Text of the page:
Oscar Greeley Clendenning Hammerstein II (July 12, 1895 – August 23, 1960) was a prolific American librettist, theatrical producer, and (often uncredited) theatre director of musicals for almost forty years. His collaborations with Jerome Kern and Richard Rodgers created many of America’s classic twentieth-century musicals.
Hammerstein was born in New York City in 1895 into a theatrical family. His grandfather, Oscar Hammerstein I, was responsible for creating some of the most influential opera houses, whilst his father managed a vaudeville theatre. His Uncle Arthur also produced Broadway shows. Hammerstein went on to study at Columbia University, where he met Lorenz Hart and Richard Rodgers. Hammerstein worked backstage as assistant stage manager through his Uncle’s connections and, in 1919, wrote his own play, The Light. Although it was not a success, he continued to write and found his forte as a librettist. In 1925 he teamed up with Jerome Kern and the result was Show Boat, which put the pair in the spotlight. They continued to collaborate and, in 1943 Hammerstein wrote the lyrics and book for an updated version of George Bizet’s Carmen, including an African-American cast.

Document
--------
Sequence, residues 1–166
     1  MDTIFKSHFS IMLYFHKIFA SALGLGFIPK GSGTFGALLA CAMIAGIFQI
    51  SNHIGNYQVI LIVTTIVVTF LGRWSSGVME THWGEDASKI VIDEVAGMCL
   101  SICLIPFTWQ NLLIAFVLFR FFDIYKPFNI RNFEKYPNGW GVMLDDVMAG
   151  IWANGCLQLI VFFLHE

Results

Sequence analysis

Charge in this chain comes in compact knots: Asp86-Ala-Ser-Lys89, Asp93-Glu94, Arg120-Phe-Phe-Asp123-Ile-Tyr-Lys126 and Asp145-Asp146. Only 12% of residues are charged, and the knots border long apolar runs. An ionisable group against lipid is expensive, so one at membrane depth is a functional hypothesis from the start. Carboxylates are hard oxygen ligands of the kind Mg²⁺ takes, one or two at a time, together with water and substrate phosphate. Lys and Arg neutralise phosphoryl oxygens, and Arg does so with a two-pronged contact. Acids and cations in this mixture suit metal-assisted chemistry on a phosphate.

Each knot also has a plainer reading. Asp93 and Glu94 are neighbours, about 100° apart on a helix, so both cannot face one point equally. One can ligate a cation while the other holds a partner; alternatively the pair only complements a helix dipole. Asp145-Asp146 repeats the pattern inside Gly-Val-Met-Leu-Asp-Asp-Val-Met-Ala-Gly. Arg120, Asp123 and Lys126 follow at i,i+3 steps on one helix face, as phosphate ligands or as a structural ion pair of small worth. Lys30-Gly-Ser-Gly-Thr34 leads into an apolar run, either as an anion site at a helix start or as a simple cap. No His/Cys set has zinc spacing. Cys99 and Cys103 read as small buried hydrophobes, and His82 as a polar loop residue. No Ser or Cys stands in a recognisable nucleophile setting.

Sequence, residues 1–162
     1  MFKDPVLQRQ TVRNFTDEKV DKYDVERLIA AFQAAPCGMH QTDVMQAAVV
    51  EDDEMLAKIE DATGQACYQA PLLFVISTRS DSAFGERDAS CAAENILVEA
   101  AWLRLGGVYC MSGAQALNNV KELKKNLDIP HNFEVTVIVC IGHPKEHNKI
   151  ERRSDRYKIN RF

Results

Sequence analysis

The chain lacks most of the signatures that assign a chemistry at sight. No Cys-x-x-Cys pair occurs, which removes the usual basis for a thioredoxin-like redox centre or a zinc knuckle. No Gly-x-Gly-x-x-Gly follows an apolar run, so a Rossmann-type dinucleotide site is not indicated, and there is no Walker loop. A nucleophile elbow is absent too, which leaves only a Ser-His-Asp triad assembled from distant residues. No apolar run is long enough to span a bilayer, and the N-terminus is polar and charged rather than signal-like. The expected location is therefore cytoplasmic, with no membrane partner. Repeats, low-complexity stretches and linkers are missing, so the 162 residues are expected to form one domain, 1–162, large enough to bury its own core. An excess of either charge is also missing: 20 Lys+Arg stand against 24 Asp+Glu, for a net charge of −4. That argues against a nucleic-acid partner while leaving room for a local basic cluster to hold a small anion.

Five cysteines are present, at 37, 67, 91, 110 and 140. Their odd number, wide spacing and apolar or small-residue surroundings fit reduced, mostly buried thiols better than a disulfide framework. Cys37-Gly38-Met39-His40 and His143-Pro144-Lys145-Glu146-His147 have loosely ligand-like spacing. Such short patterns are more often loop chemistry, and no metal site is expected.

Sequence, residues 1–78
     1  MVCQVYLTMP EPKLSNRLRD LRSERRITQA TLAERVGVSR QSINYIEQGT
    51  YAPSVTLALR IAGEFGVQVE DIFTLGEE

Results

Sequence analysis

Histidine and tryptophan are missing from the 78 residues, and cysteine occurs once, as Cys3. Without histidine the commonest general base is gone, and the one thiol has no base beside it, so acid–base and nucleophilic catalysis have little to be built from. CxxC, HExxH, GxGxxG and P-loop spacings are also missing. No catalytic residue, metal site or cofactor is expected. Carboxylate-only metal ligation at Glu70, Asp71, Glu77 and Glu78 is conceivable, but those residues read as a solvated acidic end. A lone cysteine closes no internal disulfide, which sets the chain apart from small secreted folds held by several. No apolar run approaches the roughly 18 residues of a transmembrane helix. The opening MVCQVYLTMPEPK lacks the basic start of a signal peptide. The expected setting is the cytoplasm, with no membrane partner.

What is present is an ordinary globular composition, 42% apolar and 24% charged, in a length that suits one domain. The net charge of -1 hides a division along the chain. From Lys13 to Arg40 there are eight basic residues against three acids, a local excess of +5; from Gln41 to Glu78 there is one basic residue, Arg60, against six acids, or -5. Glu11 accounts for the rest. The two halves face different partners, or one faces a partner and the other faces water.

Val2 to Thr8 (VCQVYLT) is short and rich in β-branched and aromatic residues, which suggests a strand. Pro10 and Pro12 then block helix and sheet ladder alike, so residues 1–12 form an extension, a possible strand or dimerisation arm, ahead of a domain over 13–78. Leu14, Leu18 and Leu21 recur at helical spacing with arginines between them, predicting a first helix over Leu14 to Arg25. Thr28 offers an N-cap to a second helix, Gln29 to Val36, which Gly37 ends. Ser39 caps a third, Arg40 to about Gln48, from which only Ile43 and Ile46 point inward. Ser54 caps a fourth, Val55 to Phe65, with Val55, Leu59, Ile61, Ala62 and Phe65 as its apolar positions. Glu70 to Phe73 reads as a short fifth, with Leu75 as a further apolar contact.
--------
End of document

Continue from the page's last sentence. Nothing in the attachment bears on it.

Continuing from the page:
Hammerstein teamed up next with Richard Rodgers, who had been writing with Lorenz Hart for several years. The pair produced many incredibly successful Broadway musicals including Oklahoma!, South Pacific, The Sound of Music, The King and I, and Carousel. Their production of South Pacific earned the pair the Pulitzer Prize for Drama in 1950.
One of the most prolific librettists of the twentieth-century, Hammerstein won eight Tony Awards and two Academy Awards for Best Original Song. He co-wrote 850 songs, many of which are frequently preformed today. In 1960, he lost his battle with stomach cancer and, in memory of an incredible man, the lights on Broadway were turned off on the evening of 1st September that year.